Argued March 17, 1937
Decided April 20, 1937
Appeal from the Supreme Court, Appellate Division, First Department.
Louis Nizer and Robert S. Benjamin for appellant.
William D. Whitney, Bruce Bromley, Albert R. Connelly and John H. Morse for respondents.
The plaintiff corporation is engaged in business as a distributor of motion pictures. The defendants operate a circuit or chain of theatres. In 1934 the plaintiff entered into a written contract with the defendants whereby, among other things, the defendants agreed to display fifty-eight films released by the plaintiff for distribution and to pay for each picture a fixed license fee. In addition the contract provided: "On six pictures allocated by Fox, Fox is to received [ sic] 50% overage after the theatre has received as 50% profit what Fox receives as film rental. Expenses are to be on the basis of 1/10 week days, 2/10 Saturday, and 3/10 Sunday. These 6 pictures are to be played 3 or 4 days for week ends depending on the house policy." The plaintiff has brought an action to recover moneys alleged to be due from the defendants upon two pictures "allocated" by the plaintiff, pursuant to this clause of the contract. The complaint has been dismissed on the ground that the contract requires "accountings upon six pictures as one group," and consequently no recovery can be had in this action, based upon failure to pay "overage" on separate pictures.
The plaintiff admits that the fixed license fee on each picture, denominated in the complaint as the "minimum guaranteed license fee," has been paid. The defendants do not dispute that they have paid to the plaintiff no part of the profits or of the "overage" derived from the display of any of the pictures "allocated" by the plaintiff. The controversy between the parties is upon the narrow question of whether "overage" is to be calculated upon all six pictures as a group so that the amount due can be determined only by an accounting, upon which losses sustained in the display of one picture might be offset against profits derived from display of another, or whether the plaintiff is entitled to a share of the profits derived from the display of each picture as soon as the display of that picture is completed.
The contract between the parties consists, physically, of a printed form of the plaintiff company and typewritten clauses, in part inserted in the printed form and in part attached thereto. We have quoted in full the clause upon which the plaintiff's claim is based. Though the parties disagree as to whether under that clause "overage" is payable upon each separate picture or upon the six pictures regarded as a group, they agree that the clause means that the defendants must pay to the plaintiff the excess of one-half of the gross receipts derived from exhibition of these pictures, either separately or as a group, after deducting the expenses of the production and one-half of the minimum guaranteed license fee upon those pictures. The parties who made the contract presumably understood the meaning of the words they used. In this clause and, indeed, throughout the contract in both its typewritten and its printed clauses, words and phrases are used which may be understood by those engaged in the business or art of motion picture production, distribution and exhibition, but which convey no meaning to those who are not initiated into the mysteries of the craft. We accept the meaning which the parties agree the words were intended to have. We are without guide in arriving at the construction of the words where there is disagreement between the parties as to the meaning they were intended to convey.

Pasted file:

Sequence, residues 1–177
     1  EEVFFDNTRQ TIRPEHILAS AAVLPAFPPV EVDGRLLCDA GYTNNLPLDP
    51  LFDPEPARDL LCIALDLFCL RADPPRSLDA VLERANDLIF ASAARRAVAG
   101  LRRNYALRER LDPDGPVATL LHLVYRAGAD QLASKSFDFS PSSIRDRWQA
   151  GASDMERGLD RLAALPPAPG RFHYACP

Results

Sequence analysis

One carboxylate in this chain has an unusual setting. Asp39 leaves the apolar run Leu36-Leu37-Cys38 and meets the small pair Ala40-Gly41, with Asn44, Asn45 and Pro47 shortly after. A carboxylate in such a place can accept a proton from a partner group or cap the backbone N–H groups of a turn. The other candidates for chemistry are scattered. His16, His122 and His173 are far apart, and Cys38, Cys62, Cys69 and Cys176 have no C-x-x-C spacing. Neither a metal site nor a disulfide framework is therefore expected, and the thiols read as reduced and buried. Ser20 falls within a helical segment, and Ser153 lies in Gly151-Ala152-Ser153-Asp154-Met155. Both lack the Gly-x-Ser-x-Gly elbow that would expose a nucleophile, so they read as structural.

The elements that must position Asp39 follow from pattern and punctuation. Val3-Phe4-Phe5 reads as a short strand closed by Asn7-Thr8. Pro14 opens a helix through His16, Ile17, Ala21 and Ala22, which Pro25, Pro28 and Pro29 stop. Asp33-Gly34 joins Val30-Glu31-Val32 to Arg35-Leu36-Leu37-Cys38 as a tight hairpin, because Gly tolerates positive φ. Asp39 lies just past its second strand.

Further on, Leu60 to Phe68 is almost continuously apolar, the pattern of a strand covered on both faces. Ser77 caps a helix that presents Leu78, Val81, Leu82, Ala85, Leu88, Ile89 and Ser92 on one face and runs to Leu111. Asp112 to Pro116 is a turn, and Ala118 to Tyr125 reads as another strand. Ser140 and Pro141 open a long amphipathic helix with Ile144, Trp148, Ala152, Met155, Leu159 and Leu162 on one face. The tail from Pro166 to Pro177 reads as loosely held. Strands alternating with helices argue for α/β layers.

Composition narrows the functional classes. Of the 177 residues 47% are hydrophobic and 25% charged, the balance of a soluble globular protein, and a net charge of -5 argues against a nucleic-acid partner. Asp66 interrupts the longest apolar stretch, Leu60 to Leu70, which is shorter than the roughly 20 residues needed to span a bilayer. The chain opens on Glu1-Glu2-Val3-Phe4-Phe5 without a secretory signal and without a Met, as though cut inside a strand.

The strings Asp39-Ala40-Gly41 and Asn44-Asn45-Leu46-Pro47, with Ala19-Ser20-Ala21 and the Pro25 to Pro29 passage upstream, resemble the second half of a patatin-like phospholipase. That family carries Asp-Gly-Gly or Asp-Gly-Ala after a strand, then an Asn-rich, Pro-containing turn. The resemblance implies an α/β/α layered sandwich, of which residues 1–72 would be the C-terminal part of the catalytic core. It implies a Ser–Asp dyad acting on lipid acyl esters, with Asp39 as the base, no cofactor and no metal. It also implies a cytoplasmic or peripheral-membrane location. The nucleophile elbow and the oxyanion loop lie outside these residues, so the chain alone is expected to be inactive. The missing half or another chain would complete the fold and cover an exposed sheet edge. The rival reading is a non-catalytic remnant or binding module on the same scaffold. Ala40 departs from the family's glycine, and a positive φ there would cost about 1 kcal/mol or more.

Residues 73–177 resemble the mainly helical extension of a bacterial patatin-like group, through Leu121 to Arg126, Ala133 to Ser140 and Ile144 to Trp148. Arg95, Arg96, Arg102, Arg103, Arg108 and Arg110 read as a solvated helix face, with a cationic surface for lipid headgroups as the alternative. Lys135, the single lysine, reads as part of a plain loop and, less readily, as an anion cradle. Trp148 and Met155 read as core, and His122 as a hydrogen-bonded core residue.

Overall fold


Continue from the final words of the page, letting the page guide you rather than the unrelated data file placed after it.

Terms in common use in a business or art may acquire a definite meaning understood by those who use them in connection with that business or art. In construing contracts the courts endeavor to arrive at the meaning intended by the parties. The courts endeavor to apply the definitions accepted by both parties though such definitions may be unknown to lexicographers. The parties may if they choose use their own special dictionaries, but when they ask the uninitiated to construe their contracts they must furnish them with the dictionaries they have used.
They have not done so in this case. We are told by the appellant that clauses in the printed form must be read with the typewritten "overage" clause and that when these clauses are read together the conclusion is inevitable that the parties intended that "overage" should be calculated and paid on each motion picture separately. We are told by the respondent that the printed clauses apply only to payments of the fixed license fees and were never intended to refer to payments stipulated under the "overage" clause and that the construction placed upon that clause by the courts below is fair and equitable. The parties have used language understood, we must assume, by those cognizant of the special or technical meaning of words used in the profession or art of the parties. In that language we are illiterate. It may be that, after explanation of the meaning of the terms used throughout the contract, the contract would clearly show whether the parties intended that "overage" on each picture should be paid as soon as the display of that picture is completed, or intended that payment should await an accounting in regard to all six pictures. To find out that intent from the language used the court must place itself in the position of the parties when they made the contract. It must be informed of the meaning of the language as generally understood in that business, in the light of the customs and practices of the business. It must be made literate in a language in which it is now unschooled.
The judgment of the Appellate Division and that of the Trial Term should be reversed and a new trial granted, with costs to abide the event.
CRANE, Ch. J., O'BRIEN, HUBBS, LOUGHRAN, FINCH and RIPPEY, JJ., concur.
Judgments reversed, etc.